The labour market is extremely important. It’s where most people make their living and it’s the anchor for our identities. It’s also crucial for inflation, both to forecast the path it should take and (if you’re a central banker) determining monetary policies. In the UK, May core inflation (which removes food and energy) is forecast to be 1.5% when it prints on Wednesday. That would be another leg higher again from the previous month’s 1.3%. Over in the US, where labour and inflation data are released quicker than here, core inflation has already reached 3.8% (it hasn’t breached 3% since well before the turn of the millennium) and the unemployment rate is 5.8% (unsupported by a furlough scheme). Both numbers are for May.
Talk of an inevitable spike in inflation has been bouncing round global markets for months. The huge dislocation caused by lockdowns and the quicksilver ramp-up in activity after reopening meant it was unavoidable. Yet it has been more a quarter century since investors have seen inflation that high in the world’s most important economy. The reality is always more unnerving than the abstract, so there’s a fair amount of discomfort in some quarters. In the main, investors are stoically looking through the inflation surge, but there’s definitely an undercurrent of concern that any sign of persistence will create market turmoil.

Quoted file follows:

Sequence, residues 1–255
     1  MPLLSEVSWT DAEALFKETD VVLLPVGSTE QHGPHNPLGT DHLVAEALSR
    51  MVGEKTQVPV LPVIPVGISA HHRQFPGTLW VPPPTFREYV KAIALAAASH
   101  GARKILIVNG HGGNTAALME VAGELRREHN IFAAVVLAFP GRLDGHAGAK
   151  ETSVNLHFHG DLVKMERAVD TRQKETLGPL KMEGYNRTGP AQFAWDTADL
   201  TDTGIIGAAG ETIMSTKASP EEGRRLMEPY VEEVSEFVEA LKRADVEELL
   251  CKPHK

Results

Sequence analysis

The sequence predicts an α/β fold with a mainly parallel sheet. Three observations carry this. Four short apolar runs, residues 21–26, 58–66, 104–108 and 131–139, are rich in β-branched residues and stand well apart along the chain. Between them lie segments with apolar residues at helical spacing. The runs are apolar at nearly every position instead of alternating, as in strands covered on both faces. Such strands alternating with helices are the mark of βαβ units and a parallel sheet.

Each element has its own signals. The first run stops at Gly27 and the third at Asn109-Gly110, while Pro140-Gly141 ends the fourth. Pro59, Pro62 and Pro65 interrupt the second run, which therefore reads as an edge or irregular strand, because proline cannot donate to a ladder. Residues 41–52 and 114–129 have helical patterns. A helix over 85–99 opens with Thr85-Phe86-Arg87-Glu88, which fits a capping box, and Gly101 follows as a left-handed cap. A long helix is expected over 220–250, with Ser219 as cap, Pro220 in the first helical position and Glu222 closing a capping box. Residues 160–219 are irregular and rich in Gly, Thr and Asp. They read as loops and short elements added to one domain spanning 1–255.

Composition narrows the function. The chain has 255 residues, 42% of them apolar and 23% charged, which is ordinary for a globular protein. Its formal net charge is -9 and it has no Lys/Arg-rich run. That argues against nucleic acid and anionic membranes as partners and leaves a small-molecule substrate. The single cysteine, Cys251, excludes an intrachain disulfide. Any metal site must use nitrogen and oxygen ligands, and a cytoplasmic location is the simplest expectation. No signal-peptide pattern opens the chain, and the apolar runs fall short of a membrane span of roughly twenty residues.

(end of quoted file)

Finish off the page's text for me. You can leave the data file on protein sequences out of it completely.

The US Federal Reserve (Fed) has been adamant that it will be looking through this flash of inflation and won’t be raising interest rates or scaling back its bond purchases to cool things down. In our opinion, this is where the market’s discipline will rest: as long as investors trust the Fed won’t be spooked by inflation, they won’t be spooked by inflation. Back in 2013, the market panicked because the Fed botched its communication and investors sold everything – safe government bonds and stocks – in fear. This time around, the Fed appears to have learnt its lesson and has been unwavering in its messaging. Expect more of the same when the Fed meets to discuss policy on Wednesday.
The inoculation paradox
Meanwhile, the virus lingers. Case numbers are falling in the US, but they remain high relative to other advanced nations. In Europe and the UK, new more virulent mutations are causing concern. UK infections are rising rapidly again, albeit from a low base, leading many to believe that the government will postpone the 21 June complete reopening by at least a month.